Be Careful What You Pay For: What to Know About Event Cancellation Insurance

March 6, 2024

Event cancellation insurance is a specialized insurance that provides financial coverage for organizations if they must cancel, postpone, abandon or relocate an event. It is essential for organizations hosting trade shows, conferences, concerts, festivals, celebrations or sporting events to maintain event cancellation insurance to improve their chances of recovering their losses if they cannot hold an event.

Obtaining full insurance coverage is often impossible under the “inability” definitions in these policies, which mean either a “physical inability” (the facility is no longer operational) and/or a “legal inability” (an ordinance restricts access to the facility or the event's occurrence violates civil or criminal laws).

Here are some important considerations if you purchase event cancellation insurance to maximize your potential coverage:

1.          Purchase event cancellation insurance well in advance of the event, guaranteeing potential coverage if needed. You may purchase policies for recurring events, and multiple events can be covered under the same policy. Organizations should purchase event cancellation policies separately from their general liability (CGL) or property policies, as courts generally do not recognize event cancellation losses claimed under a CGL policy.

2.          Carefully examine your policy for notice and cancellation timing. Policies contain specific provisions for notice and cancellation. If you cancel an event too soon, the adjuster may push back, asking the organization to wait longer to cancel or encourage an enforced reduced attendance claim. Enforced reduced attendance means that some potential attendees could attend the event. Insurers prefer enforced reduced attendance claims because they offer less coverage, but organizations may counter-argue that they purchased insurance for the event’s projected attendance. All policies require the insurer to submit a notice of loss within a specific number of days following a cancellation or postponement decision.

3.          Budgeting and Accounting. Organizations should submit a budget to the insurer that covers all event expenses, including the event’s location, frequency, sponsors, vendors and booths. If the insured does not submit a budget, the insurers will consider historical pick-up reports from prior events, such as amount received from sponsors and attendees, and when cancellation occurred.

If the budget is lower than the claim amount, the insurer may deem you “underinsured” and will not cover all the expenses requested. Thus, it is best to submit a higher budget and claim less. Ensure the budget contains specific line items so the insurer can reference these items in the contract when evaluating the claim. Organizations should be prepared to submit records of attendee and exhibitor cancellations, communications regarding those cancellations and payment records for advertising, speakers, contractors and sponsors.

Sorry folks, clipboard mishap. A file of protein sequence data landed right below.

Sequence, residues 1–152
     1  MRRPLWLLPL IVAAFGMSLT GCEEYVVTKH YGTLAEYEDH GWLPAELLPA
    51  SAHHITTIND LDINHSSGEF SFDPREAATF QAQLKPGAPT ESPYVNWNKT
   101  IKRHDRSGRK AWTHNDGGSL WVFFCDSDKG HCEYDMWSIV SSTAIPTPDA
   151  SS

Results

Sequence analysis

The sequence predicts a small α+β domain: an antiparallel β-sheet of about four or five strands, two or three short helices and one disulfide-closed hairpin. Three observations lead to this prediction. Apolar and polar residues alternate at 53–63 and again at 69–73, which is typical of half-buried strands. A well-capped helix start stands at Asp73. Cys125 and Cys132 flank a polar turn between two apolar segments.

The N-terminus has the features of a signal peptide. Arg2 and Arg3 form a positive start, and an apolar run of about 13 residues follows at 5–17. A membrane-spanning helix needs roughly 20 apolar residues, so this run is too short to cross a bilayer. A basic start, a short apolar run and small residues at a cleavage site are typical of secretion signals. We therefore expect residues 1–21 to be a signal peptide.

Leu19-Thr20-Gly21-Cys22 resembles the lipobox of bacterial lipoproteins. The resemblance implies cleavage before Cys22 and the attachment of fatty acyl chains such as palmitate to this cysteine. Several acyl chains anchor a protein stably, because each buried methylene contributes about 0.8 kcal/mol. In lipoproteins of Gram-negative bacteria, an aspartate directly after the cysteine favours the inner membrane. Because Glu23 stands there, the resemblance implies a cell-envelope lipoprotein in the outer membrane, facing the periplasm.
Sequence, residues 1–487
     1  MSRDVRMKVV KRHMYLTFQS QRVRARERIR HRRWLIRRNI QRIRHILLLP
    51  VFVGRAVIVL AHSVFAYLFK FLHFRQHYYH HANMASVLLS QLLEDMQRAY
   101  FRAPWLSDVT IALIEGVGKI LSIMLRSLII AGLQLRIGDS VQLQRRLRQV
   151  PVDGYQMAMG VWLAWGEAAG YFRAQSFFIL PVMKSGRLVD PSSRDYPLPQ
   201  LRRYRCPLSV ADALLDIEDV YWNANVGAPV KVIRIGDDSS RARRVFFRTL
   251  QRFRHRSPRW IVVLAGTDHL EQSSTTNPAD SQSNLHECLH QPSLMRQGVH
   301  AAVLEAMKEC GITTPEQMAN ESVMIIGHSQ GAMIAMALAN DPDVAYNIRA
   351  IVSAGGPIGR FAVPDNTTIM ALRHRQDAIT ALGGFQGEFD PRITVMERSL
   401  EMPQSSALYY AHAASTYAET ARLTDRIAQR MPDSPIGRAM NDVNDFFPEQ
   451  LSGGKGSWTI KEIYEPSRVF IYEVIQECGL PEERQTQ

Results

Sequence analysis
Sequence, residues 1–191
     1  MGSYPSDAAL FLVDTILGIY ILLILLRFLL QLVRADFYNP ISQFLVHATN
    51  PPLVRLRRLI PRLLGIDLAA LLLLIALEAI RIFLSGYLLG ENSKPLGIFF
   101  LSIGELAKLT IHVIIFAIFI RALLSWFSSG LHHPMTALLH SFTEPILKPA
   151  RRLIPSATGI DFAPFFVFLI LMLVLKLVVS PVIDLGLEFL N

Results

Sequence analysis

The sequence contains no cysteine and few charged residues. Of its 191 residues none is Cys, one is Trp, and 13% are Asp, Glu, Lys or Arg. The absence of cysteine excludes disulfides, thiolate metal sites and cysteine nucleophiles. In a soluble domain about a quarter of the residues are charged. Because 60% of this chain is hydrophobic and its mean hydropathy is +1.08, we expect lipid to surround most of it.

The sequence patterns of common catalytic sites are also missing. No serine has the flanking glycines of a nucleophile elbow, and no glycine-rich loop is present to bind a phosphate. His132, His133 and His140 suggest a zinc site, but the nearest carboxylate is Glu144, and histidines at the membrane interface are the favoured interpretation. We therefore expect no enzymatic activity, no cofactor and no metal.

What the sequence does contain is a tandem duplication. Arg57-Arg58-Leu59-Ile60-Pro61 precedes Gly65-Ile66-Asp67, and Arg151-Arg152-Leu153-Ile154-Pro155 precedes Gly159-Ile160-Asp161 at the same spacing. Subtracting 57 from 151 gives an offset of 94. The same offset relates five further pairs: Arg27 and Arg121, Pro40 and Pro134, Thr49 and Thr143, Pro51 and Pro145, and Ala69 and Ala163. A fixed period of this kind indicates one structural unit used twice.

4.          Outside Contractors. Organizations must be cautious about how they work with outside vendors, including hotels and the event location. Ideally, do not pay these outside vendors prior to filing a claim. Paying vendors signals the event can proceed. Insist on a provision allowing the organization to terminate hotel and vendor contracts without liability if the underlying event is canceled.

5.          Key Exclusions. Following the COVID-19 pandemic, many policies contain a communicable disease exclusion, which courts have interpreted applies only if the World Health Organization (WHO) or government agency declares the communicable disease an epidemic or pandemic.[ii] 

Most policies also contain a war exclusion.[iii] For example, following the Sept. 11, 2001, terrorist attacks, many organizations that had events scheduled shortly thereafter were unable to recover insurance, because the event’s cancellation was not beyond the insured’s control and the attacks were excluded as an act of war.[iv]

Legal counsel can help you identify policy exclusions you should be aware of to determine whether you qualify for indemnification and can assist with the notice requirements and proper documentation to submit a claim to the insurer.

[ii]Radiological Soc'y of N. Am., Inc. v. Those Certain Underwriters at Lloyd's of London, No. 21 C 1265, 2021 WL 2853360 (N.D. Ill. July 8, 2021), appeal dismissed, No. 21-2455, 2021 WL 6841553 (7th Cir. Oct. 13, 2021).

[iii]See Whitman, supra note 2.

[iv]Id; see also Info Management Network v. Certain Underwriters at Lloyd’s, 2004 NYLJ Lexis 4607, at *1-2 (N.Y. Oct. 15, 2004).

Editor's note: Sara Zeimer, an associate with Keller and Heckman LLP, contributed to this article. She advises clients on litigation matters in multiple areas, including toxic torts, pharmaceuticals, product liability and environmental actions. Zeimer represents clients, from emerging start-ups to Fortune 500 companies, before state and federal courts.


Don’t miss any event-related news: Sign up for our weekly e-newsletter HERE, listen to our latest podcast HERE and engage with us on LinkedIn!

Add new comment

Partner Voices
Just when it seems like Las Vegas can’t get any bigger, brighter or more exciting for groups, MGM Resorts raises the bar again. The company continues to invest and innovate across its portfolio of Las Vegas resorts, with new attractions and upgraded experiences for attendees of all interests.  Remodeled Guest Rooms MGM Grand is the largest single hotel in the world with over 5,000 guest rooms and an 850,000-square-foot conference center. It is home to the newly remodeled MGM Grand Studio Tower—700 reimagined guest rooms with a fun mid-century vibe. Nearby, the iconic New York-New York Las more